In a recent post I took up the question of the constitutionality of Donald Trump’s proposed temporary halt to Muslim immigration into the United States. My point was that while the proposal may be bad from many points of view, it is hard to argue–as some have attempted–that it would be unconstitutional. It’s clearly not a violation of the No Religious Tests Clause, which is explicitly directed to the question of tests for holding public office; and to claim that it is a violation of the Establishment Clause would require turning that provision to purposes for which it has never been used and that were not contemplated by its authors.
In response, one reader (posting in the comments section) raised a question about other possible constitutional violations involved in Trump’s ban. These, too, are worth considering. The reader asks about the Due Process Clauses of the Fifth and Fourteenth Amendments, which protect the rights of “persons” generally and not just of citizens, and wonders how a ban like Trump’s could survive the constitutional test known as “strict scrutiny.”
Here’s my effort to answer.
First, we should take the Fourteenth Amendment out of the question, since by its terms it applies to the states and not to the federal government, which alone makes American immigration policy. We must then turn to the Fifth Amendment, which does indeed require that no person be “deprived of life, liberty, or property without due process of law.” Would a ban like Trump’s violate this provision?
I don’t think so, at least not based on the way the clause has been traditionally understood. The problem with invoking this clause is that potential immigrants–those who are outside the United States and want to be admitted–have no right that is protected in this language. Someone who wants to enter the United States but is not allowed to do so is certainly not deprived of life or property. Are they deprived of “liberty” within the meaning of Clause? Is there a constitutional “liberty” right to enter the United States? I have never seen any evidence that the founders thought this, and to my knowledge no ruling of the Supreme Court has said this. A Court that held this would be breaking radically new ground, without any support in the text or history of the Constitution. And if the Due Process Clause is not relevant to the question then the Supreme Court would not bring “strict scrutiny” to bear on the question at all. It’s not the only constitutional test. The usual approach–the one used when no fundamental rights are at stake–is one that presumes the constitutionality of what Congress chooses to do. On that approach it would be difficult for a Court to invalidate whatever immigration policy Congress chooses to adopt.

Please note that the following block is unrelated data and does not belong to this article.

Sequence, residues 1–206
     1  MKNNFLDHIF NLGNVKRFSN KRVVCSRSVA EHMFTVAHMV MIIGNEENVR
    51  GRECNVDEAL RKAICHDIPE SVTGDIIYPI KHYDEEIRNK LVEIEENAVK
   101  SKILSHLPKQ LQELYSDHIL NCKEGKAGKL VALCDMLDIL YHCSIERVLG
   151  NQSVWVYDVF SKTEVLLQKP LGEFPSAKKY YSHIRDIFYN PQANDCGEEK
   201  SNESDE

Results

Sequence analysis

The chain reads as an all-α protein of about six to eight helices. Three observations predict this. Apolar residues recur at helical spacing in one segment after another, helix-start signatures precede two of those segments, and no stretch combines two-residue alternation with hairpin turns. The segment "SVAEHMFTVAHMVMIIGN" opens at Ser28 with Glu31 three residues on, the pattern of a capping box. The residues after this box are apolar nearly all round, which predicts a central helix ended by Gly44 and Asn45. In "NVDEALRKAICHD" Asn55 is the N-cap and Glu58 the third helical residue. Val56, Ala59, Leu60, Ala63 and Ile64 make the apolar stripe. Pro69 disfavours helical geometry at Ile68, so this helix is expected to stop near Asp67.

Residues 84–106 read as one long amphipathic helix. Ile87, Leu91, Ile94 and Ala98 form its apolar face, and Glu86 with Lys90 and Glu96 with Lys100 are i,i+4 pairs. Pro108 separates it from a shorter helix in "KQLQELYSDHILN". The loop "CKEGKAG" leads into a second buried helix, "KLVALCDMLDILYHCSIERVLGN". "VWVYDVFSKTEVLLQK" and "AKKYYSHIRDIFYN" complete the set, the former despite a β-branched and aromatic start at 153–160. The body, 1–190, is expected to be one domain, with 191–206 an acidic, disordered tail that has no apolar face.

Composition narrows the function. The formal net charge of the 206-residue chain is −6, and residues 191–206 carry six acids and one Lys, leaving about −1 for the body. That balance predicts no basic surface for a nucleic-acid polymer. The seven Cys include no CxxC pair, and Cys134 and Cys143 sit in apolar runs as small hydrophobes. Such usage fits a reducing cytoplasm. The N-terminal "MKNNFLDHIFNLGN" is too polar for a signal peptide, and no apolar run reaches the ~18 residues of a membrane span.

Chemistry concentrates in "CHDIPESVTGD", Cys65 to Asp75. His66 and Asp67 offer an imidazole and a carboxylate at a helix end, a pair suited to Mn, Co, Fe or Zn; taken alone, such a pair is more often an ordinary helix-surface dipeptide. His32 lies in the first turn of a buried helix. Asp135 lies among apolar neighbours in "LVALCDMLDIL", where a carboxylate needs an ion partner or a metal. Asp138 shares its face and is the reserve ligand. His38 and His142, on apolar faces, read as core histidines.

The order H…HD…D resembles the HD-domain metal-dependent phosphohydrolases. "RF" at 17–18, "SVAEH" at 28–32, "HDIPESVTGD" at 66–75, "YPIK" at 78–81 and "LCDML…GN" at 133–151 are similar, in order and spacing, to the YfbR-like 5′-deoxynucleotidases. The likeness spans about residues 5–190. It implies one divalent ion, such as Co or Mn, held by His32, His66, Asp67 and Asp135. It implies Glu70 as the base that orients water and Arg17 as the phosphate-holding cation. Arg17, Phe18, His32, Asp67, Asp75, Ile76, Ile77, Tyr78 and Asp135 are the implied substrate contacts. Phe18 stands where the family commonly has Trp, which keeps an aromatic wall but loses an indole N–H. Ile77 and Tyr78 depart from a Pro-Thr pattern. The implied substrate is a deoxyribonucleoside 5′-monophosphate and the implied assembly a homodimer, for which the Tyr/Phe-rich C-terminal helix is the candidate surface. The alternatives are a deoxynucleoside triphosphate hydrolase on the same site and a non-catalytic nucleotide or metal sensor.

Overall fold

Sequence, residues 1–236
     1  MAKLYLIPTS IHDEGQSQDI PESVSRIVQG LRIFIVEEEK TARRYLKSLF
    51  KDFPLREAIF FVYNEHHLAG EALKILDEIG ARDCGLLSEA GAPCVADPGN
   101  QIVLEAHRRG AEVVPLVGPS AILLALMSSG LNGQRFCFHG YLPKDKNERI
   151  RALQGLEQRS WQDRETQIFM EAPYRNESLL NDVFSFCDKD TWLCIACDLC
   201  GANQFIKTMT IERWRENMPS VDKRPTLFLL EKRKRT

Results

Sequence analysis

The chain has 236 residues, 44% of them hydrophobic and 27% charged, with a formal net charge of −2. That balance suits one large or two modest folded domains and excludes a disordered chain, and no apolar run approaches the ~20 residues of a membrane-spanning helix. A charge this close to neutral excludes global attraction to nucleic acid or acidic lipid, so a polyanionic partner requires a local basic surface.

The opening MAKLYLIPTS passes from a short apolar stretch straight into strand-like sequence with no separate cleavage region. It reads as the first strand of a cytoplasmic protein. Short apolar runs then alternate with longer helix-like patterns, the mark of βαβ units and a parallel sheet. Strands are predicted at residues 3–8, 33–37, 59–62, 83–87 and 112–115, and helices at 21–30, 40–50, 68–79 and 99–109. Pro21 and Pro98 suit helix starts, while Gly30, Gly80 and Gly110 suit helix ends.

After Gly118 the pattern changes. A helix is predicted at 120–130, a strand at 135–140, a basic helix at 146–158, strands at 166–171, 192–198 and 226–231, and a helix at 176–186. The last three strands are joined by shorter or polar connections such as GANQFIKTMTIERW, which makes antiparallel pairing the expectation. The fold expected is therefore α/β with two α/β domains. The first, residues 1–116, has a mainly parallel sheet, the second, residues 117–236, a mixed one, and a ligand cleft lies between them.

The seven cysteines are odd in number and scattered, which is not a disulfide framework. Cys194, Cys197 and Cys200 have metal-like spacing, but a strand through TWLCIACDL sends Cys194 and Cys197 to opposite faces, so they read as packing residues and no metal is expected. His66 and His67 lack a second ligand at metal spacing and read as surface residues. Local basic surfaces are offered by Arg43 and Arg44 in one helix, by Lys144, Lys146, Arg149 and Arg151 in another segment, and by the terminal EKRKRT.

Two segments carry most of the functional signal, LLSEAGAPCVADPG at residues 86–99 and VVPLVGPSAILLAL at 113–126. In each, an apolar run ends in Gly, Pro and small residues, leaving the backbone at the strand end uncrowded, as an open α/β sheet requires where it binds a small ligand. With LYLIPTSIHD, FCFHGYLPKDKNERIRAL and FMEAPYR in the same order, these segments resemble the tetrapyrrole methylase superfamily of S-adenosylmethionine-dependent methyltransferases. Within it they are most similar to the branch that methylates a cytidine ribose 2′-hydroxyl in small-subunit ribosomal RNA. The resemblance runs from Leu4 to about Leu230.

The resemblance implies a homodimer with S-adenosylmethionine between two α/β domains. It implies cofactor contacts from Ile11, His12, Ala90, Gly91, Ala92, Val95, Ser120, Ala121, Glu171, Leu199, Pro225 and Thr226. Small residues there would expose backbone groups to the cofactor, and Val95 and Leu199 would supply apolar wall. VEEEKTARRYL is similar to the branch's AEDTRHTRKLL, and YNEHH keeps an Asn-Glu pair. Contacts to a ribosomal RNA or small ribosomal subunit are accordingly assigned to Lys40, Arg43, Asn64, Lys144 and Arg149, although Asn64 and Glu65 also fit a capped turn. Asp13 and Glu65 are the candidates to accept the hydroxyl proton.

Moreover, you can see what problems would be caused by the Supreme Court holding that potential immigrants have Due Process rights in relation to their desire to immigrate to the United States. If the Court were to hold this, then the right would belong to every human being on earth. If this is the case, then almost any immigration policy will be constitutionally suspect, since it will operate to make it more likely for some immigrants to be admitted than others. The only policies that could escape suspicion would be either one that allows everyone to immigrate who wants to, or one that admits people at random. But nobody that I know of thinks that the Constitution requires this. And if every other immigration policy is constitutionally suspect, then you have a situation in which courts, not the Congress, will be determining immigration policy. This is plainly not what the Constitution intends. And it is not consistent with the idea of self-government.
None of this is to say that immigrants have no rights under the Due Process Clause. Immigrants who have been admitted to the United States have due process rights, including a right to due process in relation to the enforcement of immigration law itself. If the government decides to expel someone it has admitted, it has to observe due process. But that is very different from claiming that potential immigrants have a Due Process right to be admitted.
Also, none of this is intended as a defense of Trump’s proposal as sensible public policy. It is only to remind us that not every bad idea is also unconstitutional.